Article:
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Sports Then and Now



Can Magic, Larry and Michael Dominate the NBA Again? 0

Posted on March 02, 2017 by Dean Hybl
Larry Bird, Michael Jordan and Magic Johnson were teammates during the 1992 Dream Team, but have been competitors for most of their careers.

Larry Bird, Michael Jordan and Magic Johnson were teammates during the 1992 Dream Team, but have been competitors for most of their careers.

Of the 19 NBA seasons between 1979-1980 and 1997-98, only three times did the NBA Finals not include at least one of the trio of Magic Johnson, Larry Bird and Michael Jordan (two of which none of the trio played an entire season). With Johnson now joining Bird and Jordan leading an NBA franchise, can this trio again dominate the NBA?

The easy answer would seem to be no, but given the determination of all three NBA Legends, anything is certainly possible.

Michael Jordan’s track record leading an NBA Franchise has been a bit less than earthshaking. He had a dubious front office start by drafting Kwame Brown with the first pick of the 2001 NBA Draft while serving as Director of Basketball Operations for the Washington Wizards. He was ultimately fired by the Wizards following the 2003 season.

He became a part-owner of the Charlotte Bobcats in 2006 and as part of his role was the primary decision maker for basketball operations. Jordan became the majority owner in 2010 and has maintained that role through the name-change of the franchise back to being the Charlotte Hornets.

During the past decade, the Bobcats/Hornets have not been particularly impressive on the court. They have managed only three winning seasons and in each of those years lost in the opening round of the playoffs. The 2011-2012 team posted a 7-59 record during the strike-shortened season for a winning percentage of just .106.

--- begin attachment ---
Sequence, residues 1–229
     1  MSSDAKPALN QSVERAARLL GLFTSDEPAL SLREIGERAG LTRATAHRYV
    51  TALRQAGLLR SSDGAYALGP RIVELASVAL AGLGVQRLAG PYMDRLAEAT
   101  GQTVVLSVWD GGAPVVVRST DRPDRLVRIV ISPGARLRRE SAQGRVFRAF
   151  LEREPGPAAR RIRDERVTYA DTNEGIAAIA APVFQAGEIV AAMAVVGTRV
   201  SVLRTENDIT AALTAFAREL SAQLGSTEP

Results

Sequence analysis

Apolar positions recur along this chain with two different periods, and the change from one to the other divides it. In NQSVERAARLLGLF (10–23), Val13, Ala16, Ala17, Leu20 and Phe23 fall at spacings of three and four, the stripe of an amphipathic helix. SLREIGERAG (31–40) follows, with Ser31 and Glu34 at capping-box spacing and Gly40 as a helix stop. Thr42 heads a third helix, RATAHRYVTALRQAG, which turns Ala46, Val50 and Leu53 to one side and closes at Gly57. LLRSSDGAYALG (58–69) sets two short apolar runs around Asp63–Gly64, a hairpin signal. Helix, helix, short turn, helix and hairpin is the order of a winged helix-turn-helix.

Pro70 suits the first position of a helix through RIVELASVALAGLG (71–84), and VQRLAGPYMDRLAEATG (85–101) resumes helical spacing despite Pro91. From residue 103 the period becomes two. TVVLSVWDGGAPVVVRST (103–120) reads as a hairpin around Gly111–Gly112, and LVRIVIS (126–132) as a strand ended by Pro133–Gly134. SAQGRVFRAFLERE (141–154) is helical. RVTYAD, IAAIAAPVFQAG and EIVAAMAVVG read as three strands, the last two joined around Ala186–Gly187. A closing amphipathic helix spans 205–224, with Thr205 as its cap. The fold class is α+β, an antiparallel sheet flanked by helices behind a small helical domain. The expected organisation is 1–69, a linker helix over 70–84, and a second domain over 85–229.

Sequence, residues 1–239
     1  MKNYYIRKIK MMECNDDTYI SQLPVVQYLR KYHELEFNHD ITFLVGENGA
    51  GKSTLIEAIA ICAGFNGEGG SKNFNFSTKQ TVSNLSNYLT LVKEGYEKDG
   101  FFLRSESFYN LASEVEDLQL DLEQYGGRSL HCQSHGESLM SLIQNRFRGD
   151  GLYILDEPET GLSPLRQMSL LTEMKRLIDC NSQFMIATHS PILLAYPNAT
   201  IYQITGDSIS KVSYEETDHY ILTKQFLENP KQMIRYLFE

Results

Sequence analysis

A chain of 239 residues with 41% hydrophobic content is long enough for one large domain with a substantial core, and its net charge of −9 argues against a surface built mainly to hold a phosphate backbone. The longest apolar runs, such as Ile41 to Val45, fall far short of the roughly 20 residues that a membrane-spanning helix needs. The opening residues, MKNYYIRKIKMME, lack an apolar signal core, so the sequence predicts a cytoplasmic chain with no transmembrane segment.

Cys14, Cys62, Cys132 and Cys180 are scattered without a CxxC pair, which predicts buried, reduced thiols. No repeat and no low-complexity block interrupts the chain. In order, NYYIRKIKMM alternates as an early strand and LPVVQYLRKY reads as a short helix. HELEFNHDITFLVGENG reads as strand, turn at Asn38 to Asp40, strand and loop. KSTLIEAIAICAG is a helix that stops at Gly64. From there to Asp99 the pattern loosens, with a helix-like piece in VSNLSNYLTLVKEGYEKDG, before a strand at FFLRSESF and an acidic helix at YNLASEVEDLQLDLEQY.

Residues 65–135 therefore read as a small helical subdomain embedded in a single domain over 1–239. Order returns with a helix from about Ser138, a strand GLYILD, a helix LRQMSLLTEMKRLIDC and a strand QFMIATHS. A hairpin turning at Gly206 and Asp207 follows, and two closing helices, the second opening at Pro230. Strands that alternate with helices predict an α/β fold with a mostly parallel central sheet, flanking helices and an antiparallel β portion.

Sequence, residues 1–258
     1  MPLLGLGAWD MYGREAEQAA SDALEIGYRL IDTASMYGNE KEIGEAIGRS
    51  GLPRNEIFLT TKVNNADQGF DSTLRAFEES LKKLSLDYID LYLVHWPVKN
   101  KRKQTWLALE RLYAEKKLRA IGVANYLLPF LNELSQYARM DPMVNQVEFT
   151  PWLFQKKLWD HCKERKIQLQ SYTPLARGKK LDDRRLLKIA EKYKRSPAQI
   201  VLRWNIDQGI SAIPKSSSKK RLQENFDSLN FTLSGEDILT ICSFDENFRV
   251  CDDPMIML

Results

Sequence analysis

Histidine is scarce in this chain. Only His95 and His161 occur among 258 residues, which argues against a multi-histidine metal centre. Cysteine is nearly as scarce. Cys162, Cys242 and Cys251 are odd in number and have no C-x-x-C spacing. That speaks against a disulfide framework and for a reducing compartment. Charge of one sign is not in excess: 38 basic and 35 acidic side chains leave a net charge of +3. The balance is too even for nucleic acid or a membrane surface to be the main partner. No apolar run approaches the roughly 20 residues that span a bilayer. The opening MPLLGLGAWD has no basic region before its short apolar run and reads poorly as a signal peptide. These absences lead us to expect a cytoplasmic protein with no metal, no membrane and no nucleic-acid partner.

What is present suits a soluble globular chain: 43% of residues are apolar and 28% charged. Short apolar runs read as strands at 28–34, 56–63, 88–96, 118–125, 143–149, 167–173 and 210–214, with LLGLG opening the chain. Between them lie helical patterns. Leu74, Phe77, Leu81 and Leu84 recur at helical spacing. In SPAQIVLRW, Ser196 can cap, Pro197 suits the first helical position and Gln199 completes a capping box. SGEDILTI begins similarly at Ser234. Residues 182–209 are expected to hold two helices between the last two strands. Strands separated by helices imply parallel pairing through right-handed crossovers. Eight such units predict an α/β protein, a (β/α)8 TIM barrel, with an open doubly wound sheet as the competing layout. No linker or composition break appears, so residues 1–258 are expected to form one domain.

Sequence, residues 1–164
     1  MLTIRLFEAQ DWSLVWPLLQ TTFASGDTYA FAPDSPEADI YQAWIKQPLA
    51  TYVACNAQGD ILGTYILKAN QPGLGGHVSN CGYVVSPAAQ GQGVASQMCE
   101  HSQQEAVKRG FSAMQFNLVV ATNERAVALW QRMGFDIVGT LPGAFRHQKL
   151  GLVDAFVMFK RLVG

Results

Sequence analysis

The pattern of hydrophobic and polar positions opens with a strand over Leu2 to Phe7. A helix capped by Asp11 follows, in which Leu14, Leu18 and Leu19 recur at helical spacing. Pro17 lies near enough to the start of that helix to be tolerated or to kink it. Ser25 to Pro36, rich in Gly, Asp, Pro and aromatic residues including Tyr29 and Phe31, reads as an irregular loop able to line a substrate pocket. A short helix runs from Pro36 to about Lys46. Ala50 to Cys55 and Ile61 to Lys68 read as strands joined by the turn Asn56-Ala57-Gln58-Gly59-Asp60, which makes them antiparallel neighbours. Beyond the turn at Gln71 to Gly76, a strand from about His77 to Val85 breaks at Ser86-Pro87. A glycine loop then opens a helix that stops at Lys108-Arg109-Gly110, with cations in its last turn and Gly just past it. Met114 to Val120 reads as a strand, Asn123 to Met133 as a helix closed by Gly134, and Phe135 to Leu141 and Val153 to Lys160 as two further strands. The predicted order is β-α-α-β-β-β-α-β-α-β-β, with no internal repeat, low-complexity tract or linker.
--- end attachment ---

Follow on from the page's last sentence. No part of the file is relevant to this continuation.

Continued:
Last season the Hornets had an impressive 48-34 record, but were again knocked out in the opening round of the playoffs. Expected to be a contender this year, they are currently 11th in the East with a disappointing 25-33 record.

Given his competitiveness, you can bet if Jordan sees Magic Johnson come in and return the Los Angeles Lakers to past glory, it will light an even greater competitive fire under the best player in NBA history.

While Jordan’s tenure as an executive has clearly been below par, Larry Bird has had some stretches of success leading the Indiana Pacers.

Bird served for three seasons as head coach of the Pacers from 1998-2000 and had an overall record of 147-67. He guided the Pacers to the 2000 NBA Finals where they lost to the Los Angeles Lakers.

He became President of Basketball Operations for the Pacers in 2003 and in 2011-2012 was named the NBA Executive of the Year. He left the team for a year from 2012-2013, but since 2013 has again served as President of basketball Operations for the Pacers. Read the rest of this entry →

Happy 80th Birthday Jim Brown 2

Posted on February 17, 2016 by Dean Hybl
Happy 80th Birthday Jim Brown!

Happy 80th Birthday Jim Brown!

Though it has been 50 years since he last carried a football in the NFL and most of his records have long been broken, Jim Brown still stands among the greatest ever to play professional football and is arguably still at the top of that list. We wish this legend and American treasurer a happy 80th birthday!